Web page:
GUNDRED, daughter of --- (-[1200/08]). Documents show that "Gundred, widow of Hugh Earl of Norfolk", disputed her husband´s inheritance after his death in favour of her son Hugh. She married secondly, as his second wife, Roger de Glanville . A charter of King Henry II confirmed donations to Bungay Nunnery by "Rogeri de Glanvill et Gundredć comitissć uxoris meć" of property at Bungay. It is probably a safe conclusion that Roger de Glanville´s "countess Gundred" was the widow of the earl of Norfolk as no other countess of this name has been identified at that time in England. According to The Complete Peerage, she was "apparently" Gundred of Warwick, daughter of Roger Earl of Warwick & his wife Gundred de Warenne of Surrey. This parentage is deduced from a charter under which "Willelmus de Lancastre" donated pasture rights in "feodum meum in Lonisdale et in Aumundernesse" to Leicester, St Mary de Pré, with the consent of "Willelmi filii mei et heredis et Gundree uxoris mee", for the souls of "…Gilberti patris mei et Godithe matris mee et Jordani filii mei et Margarete filia Comitisse", by charter dated to [1156/60], witnessed by "Willelmo filio meo et herede, Gundr fil Comitisse…". The Complete Peerage makes the assumption that "Gundrede uxoris mee" and "Comitisse" in this document refer to the same person. A charter of King Henry II which records that "primus Willielmum de Lancaster, baronem de Kendale, qui prius vocabatur de Tailboys" married "Gundredam comitissam Warwic", certainly suggests that this assumption is probably correct, but the question is not entirely without doubt. However, greater problems arise when attempting to link the supposed daughter of Roger Earl of Warwick with these two marriages. The Complete Peerage cites a series of documents based on which, it suggests, the link is a reasonable assumption. However, on closer examination, the only one of these documents which provides any indication of a connection is the Red Book of the Exchequer, in which the 1166 return of William Earl of Warwick (Gundred´s supposed brother) shows that he had received Bungay (subject of the donation in the charter quoted above) in exchange from the Earl of Leicester. However, this provides only circumstancial evidence regarding the link and, if this is the only indication available, it cannot safely be concluded that the link is proved beyond all doubt. The safest position is therefore to show Gundred´s parentage as unproven. 2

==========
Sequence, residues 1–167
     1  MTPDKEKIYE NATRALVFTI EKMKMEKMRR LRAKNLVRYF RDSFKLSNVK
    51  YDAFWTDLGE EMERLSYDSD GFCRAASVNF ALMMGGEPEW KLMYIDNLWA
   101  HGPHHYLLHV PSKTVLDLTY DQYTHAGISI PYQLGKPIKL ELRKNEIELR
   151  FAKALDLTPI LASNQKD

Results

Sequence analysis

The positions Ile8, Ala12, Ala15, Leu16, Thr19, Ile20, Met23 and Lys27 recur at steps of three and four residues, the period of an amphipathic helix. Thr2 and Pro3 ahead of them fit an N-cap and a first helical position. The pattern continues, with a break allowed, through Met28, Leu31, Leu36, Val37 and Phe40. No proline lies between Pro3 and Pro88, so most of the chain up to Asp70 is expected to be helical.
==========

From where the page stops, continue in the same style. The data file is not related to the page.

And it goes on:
Gundred married Hugh Bigod 1st Earl of Norfolk, son of Roger Bigod Sheriff of Norfolk & Suffolk and Adelise de Tosny.1 (Hugh Bigod 1st Earl of Norfolk was born about 1095 3 and died before 9 Mar 1177 4.)
1 Charles Cawley, <i>Medieval Lands</i>. .... Frederick Lewis Weis, Walter Lee Sheppard, William Ryland Beall, <i>Magna Carta Sureties 1215: the Barons Named in the Magna Carta, 1215 and Some of their Descendants who Settled in America during the Early Colonial Years</i> (Genealogical Publishing Company, 1999), 155-1. .... Some Corrections and Additions to the Complete Peerage, www.medievalgenealogy.org.uk/cp/index.shtml, Volume IX: Norfolk (Proposed Section).
2 Charles Cawley, <i>Medieval Lands</i>.
3 Charles Cawley, <i>Medieval Lands</i>. .... Frederick Lewis Weis, Walter Lee Sheppard, William Ryland Beall, <i>Magna Carta Sureties 1215: the Barons Named in the Magna Carta, 1215 and Some of their Descendants who Settled in America during the Early Colonial Years</i> (Genealogical Publishing Company, 1999), 155-1.
4 Charles Cawley, <i>Medieval Lands</i>. .... Charles Mosley, <i>Burke's Peerage & Baronetage</i> (Burke's Peerage, 1999), 2090.